Could this be the reputed "apostles' doctrine?" Possibly. It's a good starting point for discipleship, covering basic Christian study: ecclesiology (church), pneumatology (Holy Spirit), soteriology (salvation), Christology (Jesus) and theology (God).

MANNA! Life Groups incorporate a four-year cyclical curriculum that reflects Ephesians 4:4-6. While anyone of any Christian understanding and maturity can participate at any time, there is a natural "building" to the curriculum.

  • YEAR ONE: "The Story" video series (A biblical overview of Genesis to Revelation)
  • YEAR TWO: "Believe" video series (A study of basic Bible doctrines and spiritual practices)
  • YEARS THREE AND FOUR: "The Truth Project" video series, "The Rock, the Road and the Rabbi" video series, plus various special topics in Christian apologetics, world views and comparative religions.

The use of video series allow for easily reproducible study experiences for the "Word of God to spread quickly."



The early church was a "community" gathering (ekklesia). Because of their small "home-fitted" size, they knew each others' needs, stories and lifestyles. No was "unknown" or could "hide" at the gathering. It was an interactive, collaborative communal experience.

All the believers were together and had everything in common. They sold property and possessions to give to anyone who had need. Every day they continued to meet together in the temple courts. They broke bread in their homes and ate together with glad and sincere hearts... (Acts 2:44-46)

And let us consider how we may spur one another on toward love and good deeds, not giving up meeting together, as some are in the habit of doing, but encouraging one another—and all the more as you see the Day approaching. (Hebrews 10:24-25)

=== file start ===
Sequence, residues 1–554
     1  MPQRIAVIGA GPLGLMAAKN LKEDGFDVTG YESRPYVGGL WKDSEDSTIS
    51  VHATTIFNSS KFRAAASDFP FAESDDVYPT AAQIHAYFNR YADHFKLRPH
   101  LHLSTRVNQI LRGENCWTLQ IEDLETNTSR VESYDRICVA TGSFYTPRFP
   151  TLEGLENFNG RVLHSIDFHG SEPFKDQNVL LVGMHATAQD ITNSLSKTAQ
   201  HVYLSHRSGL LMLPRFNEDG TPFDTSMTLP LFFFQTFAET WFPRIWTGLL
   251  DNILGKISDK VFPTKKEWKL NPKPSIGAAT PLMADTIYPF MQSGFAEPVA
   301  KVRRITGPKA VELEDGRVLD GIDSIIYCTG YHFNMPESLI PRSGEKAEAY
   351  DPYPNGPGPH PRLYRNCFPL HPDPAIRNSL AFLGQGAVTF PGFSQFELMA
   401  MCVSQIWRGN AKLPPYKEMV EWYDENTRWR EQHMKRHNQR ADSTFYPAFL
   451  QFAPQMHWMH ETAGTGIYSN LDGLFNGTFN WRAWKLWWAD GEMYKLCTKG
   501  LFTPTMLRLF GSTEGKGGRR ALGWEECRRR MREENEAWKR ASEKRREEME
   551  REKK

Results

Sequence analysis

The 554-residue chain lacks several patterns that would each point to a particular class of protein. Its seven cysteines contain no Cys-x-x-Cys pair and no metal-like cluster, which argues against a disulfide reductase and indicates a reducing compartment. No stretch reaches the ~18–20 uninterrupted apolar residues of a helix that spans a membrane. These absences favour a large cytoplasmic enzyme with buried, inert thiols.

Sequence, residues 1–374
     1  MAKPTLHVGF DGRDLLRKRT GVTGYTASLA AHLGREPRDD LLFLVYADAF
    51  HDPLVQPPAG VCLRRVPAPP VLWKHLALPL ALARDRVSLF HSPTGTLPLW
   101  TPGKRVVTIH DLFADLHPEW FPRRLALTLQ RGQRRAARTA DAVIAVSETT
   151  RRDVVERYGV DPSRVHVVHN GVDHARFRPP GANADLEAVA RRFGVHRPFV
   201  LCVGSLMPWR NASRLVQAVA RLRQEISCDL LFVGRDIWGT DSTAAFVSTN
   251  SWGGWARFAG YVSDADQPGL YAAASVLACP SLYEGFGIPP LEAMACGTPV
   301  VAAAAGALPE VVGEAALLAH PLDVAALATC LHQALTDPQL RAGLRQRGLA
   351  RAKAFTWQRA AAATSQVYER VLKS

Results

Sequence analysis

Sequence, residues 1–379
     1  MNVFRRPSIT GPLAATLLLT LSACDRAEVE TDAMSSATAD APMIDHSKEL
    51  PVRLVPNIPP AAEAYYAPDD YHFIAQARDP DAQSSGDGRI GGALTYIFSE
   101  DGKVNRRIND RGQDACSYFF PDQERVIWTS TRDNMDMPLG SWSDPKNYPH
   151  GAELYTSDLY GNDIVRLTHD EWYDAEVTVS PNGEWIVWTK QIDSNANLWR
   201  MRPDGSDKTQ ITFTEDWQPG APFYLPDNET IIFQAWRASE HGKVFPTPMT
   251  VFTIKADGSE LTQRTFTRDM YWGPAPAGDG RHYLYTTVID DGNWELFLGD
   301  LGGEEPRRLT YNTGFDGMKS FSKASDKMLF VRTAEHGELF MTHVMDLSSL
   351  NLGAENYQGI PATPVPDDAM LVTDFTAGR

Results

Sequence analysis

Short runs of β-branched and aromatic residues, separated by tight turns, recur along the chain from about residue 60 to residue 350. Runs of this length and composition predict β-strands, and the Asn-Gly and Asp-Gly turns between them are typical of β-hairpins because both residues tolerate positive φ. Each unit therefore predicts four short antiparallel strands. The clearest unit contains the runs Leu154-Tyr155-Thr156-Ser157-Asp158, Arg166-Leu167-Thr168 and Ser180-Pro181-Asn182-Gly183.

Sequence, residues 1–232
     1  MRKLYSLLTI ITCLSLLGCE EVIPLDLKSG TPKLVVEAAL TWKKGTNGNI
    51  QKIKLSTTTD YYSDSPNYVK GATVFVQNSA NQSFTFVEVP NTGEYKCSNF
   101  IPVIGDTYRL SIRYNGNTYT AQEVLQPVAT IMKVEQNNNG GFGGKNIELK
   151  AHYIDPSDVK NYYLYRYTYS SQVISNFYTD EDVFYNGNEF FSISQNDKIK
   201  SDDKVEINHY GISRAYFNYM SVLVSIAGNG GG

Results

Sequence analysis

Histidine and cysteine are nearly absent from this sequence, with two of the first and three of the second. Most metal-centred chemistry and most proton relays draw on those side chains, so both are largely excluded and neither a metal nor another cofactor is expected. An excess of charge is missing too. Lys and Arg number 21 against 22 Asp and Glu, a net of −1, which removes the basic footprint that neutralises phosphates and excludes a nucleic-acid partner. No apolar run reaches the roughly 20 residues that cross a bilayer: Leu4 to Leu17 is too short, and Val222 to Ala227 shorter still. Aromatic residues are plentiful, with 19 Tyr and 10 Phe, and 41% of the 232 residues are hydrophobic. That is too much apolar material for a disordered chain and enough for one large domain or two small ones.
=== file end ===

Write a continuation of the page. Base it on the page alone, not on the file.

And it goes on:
What then shall we say, brothers and sisters? When you come together, each of you has a hymn, or a word of instruction, a revelation, a tongue or an interpretation. Everything must be done so that the church may be built up. (1 Corinthians 14:26)

The early church wasn’t just a connected fellowship (friends and family), they were also a collaborative community. They shared their resources (time, talents, treasures) with each other. If a person was part of a “gathering” (ekklesia), he or she were part of a shared experience. This was the model that Jesus revealed and the instituted DNA of the early church.

All the believers were one in heart and mind. No one claimed that any of their possessions was their own, but they shared everything they had (Acts 4:32).

Share with the Lord’s people who are in need. Practice hospitality (Romans 12:13).

Anyone who has been stealing must steal no longer, but must work, doing something useful with their own hands, that they may have something to share with those in need (Ephesians 4:28).

Command them to do good, to be rich in good deeds, and to be generous and willing to share (1 Timothy 6:18).

As a home gathering (“ekklesia”), MANNA! Life Groups are first and foremost a biblical community. We exist to share our resources, collaborate ideas, communicate needs and hold one another accountable.

We are intentional in our desire to be relationally “sticky” (attraction and retention). From name tags to group texts to “reunions,” we operate as a “family.” We build deep relationships through our learning model that features smaller groups (pairs, trios, quads) for participants to share stories, express views, create applications and pray. We regularly host fellowship events (Fourth of July barbecue, river floating, camping, Christmas and Super Bowl party) and reunion events for Life Group Communities (2-4 home gathering groups) to connect, collaborate and commune. We occasionally take group offerings to meet another member’s financial need and encourage generosity to MANNA! Educational Services International to defray the expenses for curriculum, utilities (Zoom) and promotion.

Every MANNA! Life Group meeting begins with a communal recitation of our doctrinal beliefs and a candle lighting to represent the unifying Presence of the Holy Spirit (Acts 2:1-4a; Ephesians 4:3). Our evening ends with a common song of unity: “We are one in the Spirit, we are one in the Lord...and we pray that all unity will one day be restored...and they will know we are Christians by our love.”